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Denver City Council Approves Massive Group Living Zoning Overhaul

Denver City Council had a late night.
Denver City Council had a late night.
Denver City Council
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In an 11-2 vote after a marathon meeting that started on February 8 and ended this morning, Denver City Council approved a massive overhaul to the group-living aspects of the Denver Zoning Code.

"In Denver, we deserve to have a package that is progressive — and especially right now, during a pandemic, when people need more resources," Councilwoman Amanda Sandoval said during the meeting before voting in favor of the proposal. "I wholeheartedly support this and the entire package."

The ordinance increases the number of unrelated adults who can live together in the same home from two to five, and also makes it easier for service providers to set up residential-care facilities, such as halfway houses, sober-living homes and homeless shelters, throughout Denver.

The changes regarding those facilities inspired the two "no" votes. "My concerns with the residential-care side will be too numerous to support," Councilwoman Amanda Sawyer said before voting against the proposal. Councilman Kevin Flynn also opposed the measure.

Council finally voted on the proposal after a meeting that pushed past 1 a.m. and featured testimony from over 100 members of the public. Two-thirds of those expressed support for the measure, while the others had concerns about various provisions in it.

One resident worried that more communal-living situations like the 24/7 "frat house" next door to her home might pop up: "There were four people on the lease, who had ten people living there and fifteen cars, and they turned their garage into a strip club that opened up after the bars closed. I heard that every single night, and no one would help me. No one."

Another woman suggested that the changes allowing more group homes would lead to "white filght," and asked, "How many pit bulls would they have?"

"The opposition to this is not political," said another resident. "The opposition to this is by citizens of all colors, all ages, all political bents."

During the meeting, Councilwoman Kendra Black decried "the misinformation" that some opponents had spread in the run-up to the vote. "While it’s clear that there is a very vocal opposition group from my district, they do not speak for my entire district," she said.

Aside from the public comments from individuals who had signed up to speak, council received over 1,143 letters regarding the proposal: 619 in favor and 524 against.

The vote came after three years of work to update the group-living aspects of the Denver Zoning Code by the Department of Community Planning and Development. Planners began working on the overhaul in late 2017: A ten-year moratorium on the construction of new halfway houses was set to expire in mid-2018, and they wanted to determine how the code could be changed to make more room for halfway houses.

"Since 2008, our halfway houses and community corrections have been in a time capsule. I do not think that’s progressive policy," Sandoval noted during the meeting.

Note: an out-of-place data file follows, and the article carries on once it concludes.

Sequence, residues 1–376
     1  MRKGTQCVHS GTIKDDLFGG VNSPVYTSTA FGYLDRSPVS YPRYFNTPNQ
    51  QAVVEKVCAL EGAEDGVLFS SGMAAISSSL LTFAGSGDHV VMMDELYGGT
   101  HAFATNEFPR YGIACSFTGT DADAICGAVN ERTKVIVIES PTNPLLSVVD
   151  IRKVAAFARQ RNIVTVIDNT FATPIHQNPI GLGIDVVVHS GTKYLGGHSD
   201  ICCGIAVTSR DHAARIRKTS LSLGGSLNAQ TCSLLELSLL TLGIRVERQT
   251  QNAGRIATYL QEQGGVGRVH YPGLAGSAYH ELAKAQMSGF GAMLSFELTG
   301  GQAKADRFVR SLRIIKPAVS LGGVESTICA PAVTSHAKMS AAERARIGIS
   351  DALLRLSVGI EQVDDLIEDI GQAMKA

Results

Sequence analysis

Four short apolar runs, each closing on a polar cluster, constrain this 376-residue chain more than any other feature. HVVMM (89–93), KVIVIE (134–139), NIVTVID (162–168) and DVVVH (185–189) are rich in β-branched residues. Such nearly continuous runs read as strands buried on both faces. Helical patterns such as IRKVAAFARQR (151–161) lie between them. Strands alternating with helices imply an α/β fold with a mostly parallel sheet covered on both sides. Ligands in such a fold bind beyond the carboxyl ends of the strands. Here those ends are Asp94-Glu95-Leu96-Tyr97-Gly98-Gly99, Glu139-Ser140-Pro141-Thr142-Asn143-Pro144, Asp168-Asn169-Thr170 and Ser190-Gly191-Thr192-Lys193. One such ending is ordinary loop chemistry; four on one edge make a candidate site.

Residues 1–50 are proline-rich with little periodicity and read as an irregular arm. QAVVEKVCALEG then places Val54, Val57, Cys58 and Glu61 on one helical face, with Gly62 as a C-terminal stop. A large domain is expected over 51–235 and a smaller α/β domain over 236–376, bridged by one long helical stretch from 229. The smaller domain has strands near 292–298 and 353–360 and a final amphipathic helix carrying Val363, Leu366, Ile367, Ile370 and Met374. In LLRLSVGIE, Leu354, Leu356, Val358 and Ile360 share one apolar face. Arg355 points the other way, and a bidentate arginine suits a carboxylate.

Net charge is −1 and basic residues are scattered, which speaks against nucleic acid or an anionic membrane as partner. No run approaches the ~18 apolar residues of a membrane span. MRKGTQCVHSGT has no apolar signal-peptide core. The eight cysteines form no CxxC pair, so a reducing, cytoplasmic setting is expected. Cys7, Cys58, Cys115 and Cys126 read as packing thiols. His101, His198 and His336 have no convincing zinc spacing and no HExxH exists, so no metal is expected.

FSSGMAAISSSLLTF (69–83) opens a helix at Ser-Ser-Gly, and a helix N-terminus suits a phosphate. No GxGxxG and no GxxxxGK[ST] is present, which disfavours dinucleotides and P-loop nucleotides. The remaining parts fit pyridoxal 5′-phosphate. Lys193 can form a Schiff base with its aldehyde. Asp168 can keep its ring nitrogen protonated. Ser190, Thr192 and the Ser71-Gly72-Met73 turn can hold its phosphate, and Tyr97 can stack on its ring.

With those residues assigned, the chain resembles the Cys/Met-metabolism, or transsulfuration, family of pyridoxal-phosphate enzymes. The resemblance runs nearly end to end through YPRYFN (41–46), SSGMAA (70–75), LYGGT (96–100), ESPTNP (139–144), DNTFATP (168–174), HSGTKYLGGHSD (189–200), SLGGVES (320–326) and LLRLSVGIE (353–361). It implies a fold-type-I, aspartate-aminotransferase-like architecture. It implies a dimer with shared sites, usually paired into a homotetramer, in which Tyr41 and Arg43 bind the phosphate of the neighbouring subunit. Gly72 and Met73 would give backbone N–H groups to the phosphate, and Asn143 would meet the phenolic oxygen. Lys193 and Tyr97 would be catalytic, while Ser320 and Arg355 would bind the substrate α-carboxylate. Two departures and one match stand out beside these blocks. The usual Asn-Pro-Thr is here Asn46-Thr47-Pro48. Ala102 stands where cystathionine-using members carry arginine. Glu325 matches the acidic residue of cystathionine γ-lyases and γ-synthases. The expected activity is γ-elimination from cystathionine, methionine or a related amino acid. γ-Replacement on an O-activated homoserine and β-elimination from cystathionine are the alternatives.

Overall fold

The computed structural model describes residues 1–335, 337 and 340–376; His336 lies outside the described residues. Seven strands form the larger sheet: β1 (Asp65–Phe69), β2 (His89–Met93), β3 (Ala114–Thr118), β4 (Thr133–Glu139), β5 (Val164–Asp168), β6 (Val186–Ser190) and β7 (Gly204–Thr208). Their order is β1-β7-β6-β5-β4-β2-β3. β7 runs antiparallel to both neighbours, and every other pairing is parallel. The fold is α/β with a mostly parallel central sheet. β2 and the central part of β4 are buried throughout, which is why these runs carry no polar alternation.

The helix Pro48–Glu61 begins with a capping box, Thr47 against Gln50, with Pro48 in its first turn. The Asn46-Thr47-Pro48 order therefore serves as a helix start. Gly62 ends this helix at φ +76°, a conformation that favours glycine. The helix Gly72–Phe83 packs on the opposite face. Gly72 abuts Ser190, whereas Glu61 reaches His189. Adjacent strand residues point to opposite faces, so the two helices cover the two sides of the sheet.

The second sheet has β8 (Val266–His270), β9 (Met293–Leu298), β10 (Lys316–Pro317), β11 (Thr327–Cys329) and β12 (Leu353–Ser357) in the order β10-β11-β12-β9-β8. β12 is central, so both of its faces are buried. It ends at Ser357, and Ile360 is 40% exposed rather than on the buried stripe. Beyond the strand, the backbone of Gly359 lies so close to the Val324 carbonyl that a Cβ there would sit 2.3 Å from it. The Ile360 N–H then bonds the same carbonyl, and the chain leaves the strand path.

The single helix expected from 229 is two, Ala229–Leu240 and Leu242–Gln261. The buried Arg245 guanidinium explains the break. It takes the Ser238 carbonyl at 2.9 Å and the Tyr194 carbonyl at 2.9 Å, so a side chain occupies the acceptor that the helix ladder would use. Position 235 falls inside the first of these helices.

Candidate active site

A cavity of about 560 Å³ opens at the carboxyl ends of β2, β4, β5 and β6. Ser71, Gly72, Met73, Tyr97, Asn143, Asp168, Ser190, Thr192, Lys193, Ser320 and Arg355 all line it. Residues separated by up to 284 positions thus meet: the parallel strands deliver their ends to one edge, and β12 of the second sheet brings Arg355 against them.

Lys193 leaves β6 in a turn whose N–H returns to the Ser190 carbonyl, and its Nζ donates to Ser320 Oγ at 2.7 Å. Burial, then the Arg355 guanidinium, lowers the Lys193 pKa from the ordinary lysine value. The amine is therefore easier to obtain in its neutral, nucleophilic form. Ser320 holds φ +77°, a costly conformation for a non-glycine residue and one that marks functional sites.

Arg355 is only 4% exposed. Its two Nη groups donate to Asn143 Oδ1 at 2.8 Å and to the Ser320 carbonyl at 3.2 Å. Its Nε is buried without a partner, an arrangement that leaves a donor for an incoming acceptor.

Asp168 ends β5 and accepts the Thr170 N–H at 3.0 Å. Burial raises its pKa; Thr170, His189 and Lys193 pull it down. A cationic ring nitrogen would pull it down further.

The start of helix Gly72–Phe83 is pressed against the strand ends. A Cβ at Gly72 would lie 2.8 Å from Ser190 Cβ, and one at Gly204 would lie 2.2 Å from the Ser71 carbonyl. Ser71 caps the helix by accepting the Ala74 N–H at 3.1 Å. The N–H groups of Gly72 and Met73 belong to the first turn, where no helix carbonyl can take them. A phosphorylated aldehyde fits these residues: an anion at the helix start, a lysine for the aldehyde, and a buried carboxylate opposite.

As they looked over the zoning code, planners saw other group-living issues that needed to be addressed, and decided to merge those into a single project that would come up with one proposal. In 2018, CPD staffers formed a Group Living Advisory Committee made up of sober-living home operators, communal-living proponents, and halfway house and homeless shelter operators, among others, to help guide the project. An August 2019 council decision to reject the renewal of halfway house contracts with two private prison companies increased the city's interest in figuring out a zoning fix.

In January 2020, the senior planner on the project, Andrew Webb, unveiled key aspects of a draft proposal. Even though he subsequently watered down certain provisions — reducing the number of unrelated adults who could live in a single household from eight to five, for example — opposition became intense.

Last August, a handful of Denver residents formed Safe and Sound Denver, a group that sent out dozens of listserv emails and produced YouTube videos that railed against the changes, arguing that they would lead to a degradation of public safety and increased on-street parking.

One of Safe and Sound Denver's major criticisms was that the zoning amendment would only apply to parts of the city zoned under the current Denver Zoning Code, and would not change the zoning for over 20 percent of the city still zoned under the former Chapter 59 zoning code.

In response to that concern, CPD committed to introducing an amendment in the near future that would increase the number of unrelated adults who could live in a single household in former Chapter 59 areas, such as Green Valley Ranch and Central Park. That amendment, however, would not address other aspects of the group-living zoning overhaul.

"CPD will spend some time this year looking at what resources it will take to continue the work of rezoning the city into one zoning code, which is our ultimate goal," Webb said at the February 8 council meeting.

In the meantime, though, the majority of Denver will fall under these new group-living zoning rules. "I am proud of this final proposal," concluded Councilwoman Robin Kniech. "I’m proud of both the policy changes that it makes."

See the final amendment here:

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